The following table outlines different link use scenarios with recommended methods of implementation.

Type of link Recommendation Comments
Link with no text and only image Assign appropriate alt text to the image Meets all standards except when text of images are used
Link with image where alt text of image would completely duplicate the link text Assign a null alt="" attribute to the image inside the anchor Assume the link text describes the purpose of the link.
Link with text where an image could be used

  • Links to different file formats such as PDF, HTML, Word, etc.
  • Links that take the user to different sites
  • Links that open new windows or frames
Alt text to an existing image or add an image inside the anchor with appropriate alt text clarifying the purpose of the link.

Note inline images must be used as alt text can not be assigned to CSS background images.

For WCAG Level A and AA compliance this is only required if the format is not programmatically discernable (such as via the href attribute) or within the surrounding context.

Additionally WCAG Level A and AA do not require notification of new windows when opened on user request.

Text link where an image will not be used Add on-screen text to clarify the purpose of the link For WCAG Level A and AA compliance this is only required if the purpose cannot be determined within the surrounding context.
Add CSS based off-screen text to a span element within the link (best if combined with the technique below) This text is only available to users of screen readers when CSS is turned on.

For WCAG Level A and AA compliance this is only required if the purpose cannot be determined within the surrounding context.

This technique alone can not be used to meet WCAG Level AAA as the text is not visible with CSS turned on.

Add a title attribute to the link (best if combined with the technique above) This text is only available via mouse over or when a keystroke is pressed by the user of a screen reader. The JAWS screen reader does have an configuration setting to atomically announce the title.

For WCAG Level A and AA compliance this is only required if the purpose cannot be determined within the surrounding context.

This technique alone cannot be used to meet WCAG Level AAA as it is not keyboard accessible.

 

Use the aria-describedby attribute to provide supplement the text of the link with other page content that purposefully describes the link. ARIA is not support by all screen readers and user agents including the Window-Eyes screen reader.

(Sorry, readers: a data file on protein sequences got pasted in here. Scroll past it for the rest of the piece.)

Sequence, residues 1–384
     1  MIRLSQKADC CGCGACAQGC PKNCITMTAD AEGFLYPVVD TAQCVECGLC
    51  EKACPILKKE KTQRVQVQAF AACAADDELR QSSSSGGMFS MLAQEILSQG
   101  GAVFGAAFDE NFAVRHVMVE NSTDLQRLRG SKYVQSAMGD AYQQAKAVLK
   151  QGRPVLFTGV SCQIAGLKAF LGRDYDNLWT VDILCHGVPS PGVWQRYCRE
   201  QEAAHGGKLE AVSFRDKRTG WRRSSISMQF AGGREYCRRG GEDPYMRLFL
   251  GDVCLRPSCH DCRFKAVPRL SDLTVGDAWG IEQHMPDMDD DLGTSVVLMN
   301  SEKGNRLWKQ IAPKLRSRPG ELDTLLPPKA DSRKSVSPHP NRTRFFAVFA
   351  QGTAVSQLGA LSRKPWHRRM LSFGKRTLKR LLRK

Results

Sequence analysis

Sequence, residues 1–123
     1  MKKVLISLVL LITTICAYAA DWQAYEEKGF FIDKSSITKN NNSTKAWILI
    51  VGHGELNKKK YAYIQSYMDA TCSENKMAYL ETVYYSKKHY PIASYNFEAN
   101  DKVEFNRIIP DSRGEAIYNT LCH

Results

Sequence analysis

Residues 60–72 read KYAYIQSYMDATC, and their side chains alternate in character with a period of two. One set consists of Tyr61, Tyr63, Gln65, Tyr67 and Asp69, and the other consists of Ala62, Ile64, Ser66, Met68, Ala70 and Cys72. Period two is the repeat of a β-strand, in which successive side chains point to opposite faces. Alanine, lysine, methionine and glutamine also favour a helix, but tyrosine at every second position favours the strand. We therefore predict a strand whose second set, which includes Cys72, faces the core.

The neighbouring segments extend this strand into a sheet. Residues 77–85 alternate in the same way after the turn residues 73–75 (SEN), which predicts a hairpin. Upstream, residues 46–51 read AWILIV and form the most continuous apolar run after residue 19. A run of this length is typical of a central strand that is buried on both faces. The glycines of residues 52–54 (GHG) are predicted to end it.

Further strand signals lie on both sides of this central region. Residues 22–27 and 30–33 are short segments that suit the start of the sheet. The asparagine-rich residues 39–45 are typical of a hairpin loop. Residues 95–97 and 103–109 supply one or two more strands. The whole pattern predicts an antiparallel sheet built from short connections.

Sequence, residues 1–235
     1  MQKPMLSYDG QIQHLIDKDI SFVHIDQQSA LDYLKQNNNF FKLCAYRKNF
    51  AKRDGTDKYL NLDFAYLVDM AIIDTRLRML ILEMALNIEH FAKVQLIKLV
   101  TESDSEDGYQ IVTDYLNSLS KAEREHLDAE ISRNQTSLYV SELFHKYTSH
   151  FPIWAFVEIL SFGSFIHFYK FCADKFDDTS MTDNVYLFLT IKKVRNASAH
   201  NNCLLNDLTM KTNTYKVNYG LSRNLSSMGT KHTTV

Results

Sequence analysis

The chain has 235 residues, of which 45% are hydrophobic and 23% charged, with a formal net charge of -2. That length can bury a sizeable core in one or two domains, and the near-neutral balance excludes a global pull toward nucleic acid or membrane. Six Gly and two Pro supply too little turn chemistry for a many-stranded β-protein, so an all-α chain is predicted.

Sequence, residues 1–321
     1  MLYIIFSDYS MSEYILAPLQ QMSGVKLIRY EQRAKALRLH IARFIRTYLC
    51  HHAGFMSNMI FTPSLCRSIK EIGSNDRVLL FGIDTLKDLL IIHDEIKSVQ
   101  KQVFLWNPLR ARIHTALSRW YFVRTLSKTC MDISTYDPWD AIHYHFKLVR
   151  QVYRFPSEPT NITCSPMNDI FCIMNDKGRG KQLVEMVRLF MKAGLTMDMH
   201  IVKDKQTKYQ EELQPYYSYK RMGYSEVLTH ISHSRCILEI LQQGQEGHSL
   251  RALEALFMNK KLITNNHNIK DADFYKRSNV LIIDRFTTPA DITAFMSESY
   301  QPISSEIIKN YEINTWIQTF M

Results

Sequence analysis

For WCAG Level A and AA compliance this is only required if the purpose cannot be determined within the surrounding context.

This technique alone cannot be used to meet WCAG Level AAA as it does not provide the text directly within the link.

Links that represent sortable table headers (may or may not use images) Indicate sorting information via alt text on an image. If alt text is not possible, use CSS off-screen text to indicate sorting information. Additionally, use the abbr attribute to provide a shorted abbreviation that will be announced to the user as the column header as data cells are traversed with the screen reader. The abbr attribute is not supported in HTML 5. Consider using ARIA.
Links that represent UI elements such as page tabs Use a visual indicator in addition to color to indicate the active state and use a programmatic method such as CSS off-screen text or ARIA to indicate the state and role of the UI element. Visual indication should be available regardless of input method used (i.e should always be present or be available whether the user is using the keyboard or mouse).

ARIA should only be relied upon when it is known that the ARIA is assistive technology supported by the technology stack.

Conclusion

While there is no specific method to clearly indicate a links purpose for all link types and situations, there is a framework in place to assist developers in creating informed decisions that meet the needs of users with disabilities, are supported by assistive technology, fit within the site’s design, and increase search engine optimization.

Additional WCAG Resources

2 Comments

  1. If you place a null alt attribute on the image inside an anchor, won’t most screen readers attempt to render the filename of the image? I’m not sure there’s a good solution for duplicate links where text and image links exist both pointing to the same destination.

  2. Sam, in this case the recommendation to use alt=”” is only for links that contain sufficient text within the anchor element. In these cases the image would be duplicative of the link text. When an anchor contains text and an image with alt=”” most screen readers do not announce the source of the image. The source would generally only be announced in the case where the image is used within a link with no text.